BEHEMOTH weighs about 580 pounds fully loaded and needs 105 gears and sidewheels to climb a hill.
This delightful article in my old hometown newspaper came out during the peak of the BEHEMOTH epoch… I was no longer pedaling around the US, but the speaking/media tour via mothership was in full swing. The author, Ric Manning, did an excellent job of capturing the whole point of my adventure… as he had four years earlier when writing about the Winnebiko II.
by Ric Manning, Gizmo editor
May 16, 1992
You won’t see Steve Roberts’ bicycle on the roof rack of a car.
When it’s not rolling down the highway, the bike rests in a 20-foot aluminum trailer behind a diesel-powered pickup.
That’s because it’s no ordinary bike. For nearly a decade, Roberts has been busy stuffing the 8-foot-long recumbent with a staggering array of computers, communication gear, solar panels, keyboards, lights, switches and sundry doo-dads.
“It’s really getting quite out of hand,” said Roberts.
The Seneca High School graduate was back in Louisville last week visiting his parents in Jeffersontown. It was one more stop on a 17,000-mile odyssey that started nine years ago in Columbus, Ohio.
Weary of the daily working routine, Roberts quit his job, sold his home, packed a portable computer on the bicycle and set out to prove that he could make a living as a free-lance writer without being planted at a desk.
Roberts is still traveling, although he has spent most of the past four years in Silicon Valley of California rebuilding the bike and adding more gadgets and gear.
He used to call his vehicle Winnebiko. Now its known as the BEHEMOTH. That stands for Big Electronic Human-Energized Machine, Only Too Heavy.
Fully loaded, it weighs about 580 pounds and needs 105 gears and sidewheels to make it up a hill.
“I can’t quit,’ said Roberts, “because I keep getting all these new toys. I work them into the bike, they get media attention and then other companies want to give me their stuff.”
About 150 corporate sponsors have donated products to the bike. The details of how they all work together are chronicled in Roberts’ quarterly newsletter, The Journal of High-Tech Nomadness (old address redacted) and in his reports posted on the GEnie computer network.
Speaking and consulting fees and income from book and T-shirt sales buy the groceries. A new book and a video are in the works, and there’s talk of a film or television deal.
The bike might well get top billing. Here’s a brief tour:
Computers: The current arrangement includes a Macintosh and two DOS machines built into the bike and a portable Sun SPARCstation strapped behind the seat. Video displays for the Mac and the PCs are built into the front panel, and Roberts’ helmet has a tiny display called the Private Eye that swivels into place in front of his right eye.
The helmet also contains an ultrasonic device that moves the cursor on his computer screens when Roberts moves his head. And a set of keys built into the bike’s handlebars let Roberts type — or play a synthesized flute — while he pedals.
Communication: Roberts gets electronic mail through GEnie, MCI Mail and Internet networks. If he isn’t plugged into a phone line, dispatches can be routed to him by satellite. The bike’s speech synthesizer will announce when a new batch has arrived.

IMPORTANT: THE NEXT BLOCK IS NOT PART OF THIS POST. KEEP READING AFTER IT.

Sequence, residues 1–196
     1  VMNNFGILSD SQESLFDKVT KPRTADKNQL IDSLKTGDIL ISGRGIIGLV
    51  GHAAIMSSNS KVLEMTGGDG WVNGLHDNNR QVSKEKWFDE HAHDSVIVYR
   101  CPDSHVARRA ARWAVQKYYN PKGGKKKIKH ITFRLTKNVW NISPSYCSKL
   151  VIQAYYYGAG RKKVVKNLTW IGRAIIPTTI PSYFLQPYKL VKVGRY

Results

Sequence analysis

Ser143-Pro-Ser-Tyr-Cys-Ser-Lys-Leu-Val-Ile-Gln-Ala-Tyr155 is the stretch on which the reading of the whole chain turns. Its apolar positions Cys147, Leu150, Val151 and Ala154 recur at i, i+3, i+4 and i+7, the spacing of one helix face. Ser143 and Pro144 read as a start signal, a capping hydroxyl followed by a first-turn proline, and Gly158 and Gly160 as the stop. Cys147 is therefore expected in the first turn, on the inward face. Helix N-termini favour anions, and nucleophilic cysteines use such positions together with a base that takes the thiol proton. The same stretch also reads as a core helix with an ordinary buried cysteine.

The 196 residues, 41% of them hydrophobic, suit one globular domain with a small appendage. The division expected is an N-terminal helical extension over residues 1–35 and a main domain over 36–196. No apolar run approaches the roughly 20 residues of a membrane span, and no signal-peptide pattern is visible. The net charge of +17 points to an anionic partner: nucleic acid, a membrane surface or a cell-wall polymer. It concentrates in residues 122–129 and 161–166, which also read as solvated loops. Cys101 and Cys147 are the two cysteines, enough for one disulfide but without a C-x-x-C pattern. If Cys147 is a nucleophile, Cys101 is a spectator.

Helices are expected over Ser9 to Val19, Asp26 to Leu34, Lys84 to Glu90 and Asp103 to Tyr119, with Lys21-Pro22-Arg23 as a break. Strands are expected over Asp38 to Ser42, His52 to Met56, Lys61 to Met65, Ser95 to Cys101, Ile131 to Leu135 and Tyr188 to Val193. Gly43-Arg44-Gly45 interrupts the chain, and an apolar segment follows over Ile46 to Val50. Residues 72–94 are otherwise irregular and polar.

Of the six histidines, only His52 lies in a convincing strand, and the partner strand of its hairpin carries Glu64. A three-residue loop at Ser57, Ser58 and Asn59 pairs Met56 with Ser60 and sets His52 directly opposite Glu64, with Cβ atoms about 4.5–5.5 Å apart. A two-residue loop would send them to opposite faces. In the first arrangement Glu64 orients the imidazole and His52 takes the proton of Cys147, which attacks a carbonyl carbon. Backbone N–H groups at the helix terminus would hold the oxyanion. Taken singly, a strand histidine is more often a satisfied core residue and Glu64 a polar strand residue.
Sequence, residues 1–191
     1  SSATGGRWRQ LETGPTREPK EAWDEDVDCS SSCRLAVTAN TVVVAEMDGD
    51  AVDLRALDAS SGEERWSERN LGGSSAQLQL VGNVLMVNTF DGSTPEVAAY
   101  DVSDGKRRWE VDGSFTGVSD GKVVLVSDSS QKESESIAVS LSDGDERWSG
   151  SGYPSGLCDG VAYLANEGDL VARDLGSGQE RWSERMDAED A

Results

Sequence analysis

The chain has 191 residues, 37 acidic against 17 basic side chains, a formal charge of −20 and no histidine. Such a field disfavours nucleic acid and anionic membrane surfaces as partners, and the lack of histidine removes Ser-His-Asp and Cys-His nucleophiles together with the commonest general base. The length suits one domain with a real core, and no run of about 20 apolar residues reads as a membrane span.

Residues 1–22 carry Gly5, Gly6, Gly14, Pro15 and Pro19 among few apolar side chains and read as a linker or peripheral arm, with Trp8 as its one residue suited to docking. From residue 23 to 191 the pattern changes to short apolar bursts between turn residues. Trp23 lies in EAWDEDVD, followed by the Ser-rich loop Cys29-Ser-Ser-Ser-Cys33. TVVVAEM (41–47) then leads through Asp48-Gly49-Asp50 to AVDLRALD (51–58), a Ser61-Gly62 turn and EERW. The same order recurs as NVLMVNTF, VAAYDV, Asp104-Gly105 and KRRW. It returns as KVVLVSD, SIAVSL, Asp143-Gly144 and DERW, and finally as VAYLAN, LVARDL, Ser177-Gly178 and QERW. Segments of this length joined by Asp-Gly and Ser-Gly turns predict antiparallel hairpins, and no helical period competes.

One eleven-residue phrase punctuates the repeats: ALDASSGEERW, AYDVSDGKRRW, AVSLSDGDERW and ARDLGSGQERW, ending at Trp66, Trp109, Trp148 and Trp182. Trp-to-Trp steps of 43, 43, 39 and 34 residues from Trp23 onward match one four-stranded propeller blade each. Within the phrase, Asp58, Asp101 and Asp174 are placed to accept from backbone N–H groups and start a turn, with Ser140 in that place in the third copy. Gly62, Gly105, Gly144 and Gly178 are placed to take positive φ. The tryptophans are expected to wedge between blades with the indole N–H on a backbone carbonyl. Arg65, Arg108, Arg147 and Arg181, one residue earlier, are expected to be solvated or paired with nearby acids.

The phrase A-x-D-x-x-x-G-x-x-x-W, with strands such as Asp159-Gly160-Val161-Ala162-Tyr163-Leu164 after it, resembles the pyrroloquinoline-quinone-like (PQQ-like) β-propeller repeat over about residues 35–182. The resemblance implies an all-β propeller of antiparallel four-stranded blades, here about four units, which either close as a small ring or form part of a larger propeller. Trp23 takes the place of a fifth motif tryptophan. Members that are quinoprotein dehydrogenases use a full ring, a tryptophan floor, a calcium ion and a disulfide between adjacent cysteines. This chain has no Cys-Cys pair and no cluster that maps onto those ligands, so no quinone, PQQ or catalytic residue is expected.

The bike also has a cellular phone receiver that Roberts can patch to an ordinary answering machine, fax machine and cordless telephone. BEHEMOTH’s trailer packs a ham station that covers 80 meters through UHF.
Navigation: A Global Positioning System takes readings off a satellite to tell the bike its latitude and longitude to within 50 feet, and a Sony CD-ROM
drive can put detailed street maps of every state on the main display screen.
Comfort: The bike’s 82 watts of solar panels power the electronics, but they also feed a Peltier refrigerator, which is linked by a fluid loop to a heat exchanger in Roberts’ helmet.
BEHEMOTH also has an AM/FM radio with a cassette and CD player connected to a Yamaha stereo amp and a pair of Blaupunkt speakers. Roberts can blend various audio channels in his helmet headphones to maintain radio contact while rocking and rolling.
Security: The bike has seven levels of security, enough to let Roberts leave it outside when he spends the night in a motel.
One sensor knows when someone gets within 10 feet of the bike. Another system delivers verbal warnings to anyone who touches the bike while beeping Roberts’ pocket pager. The bike can also dial 911 and deliver a synthesized call for help and broadcast an alert — complete with the bike’s location — on the ham bands.
All the hardware is starting to test Roberts Law of Applied Mobile Gizmology: An infinite number of very light things soon become infinitely heavy.
That’s why he’s driving to New York this week and not pedaling. He’s booked for appearances on “Donahue” and “Good Morning America.” After that, he’ll be in Washington, D.C., for a trade show and more interviews, including one with National Public Radio.
Eventually, Roberts says, he’ll get back on the road for another extended trip, probably through the Northwest later this summer. But first he wants to get the Sun workstation built into the bike.
Sure, he admits, the bike already has plenty of computing power.
“But I’ve always wanted to learn to ride a Unix cycle.”
NOTE: In a recursive footnote, Ric included this and his earlier article in his September 2020 piece, Catching Up with Digital Nomad Steve Roberts.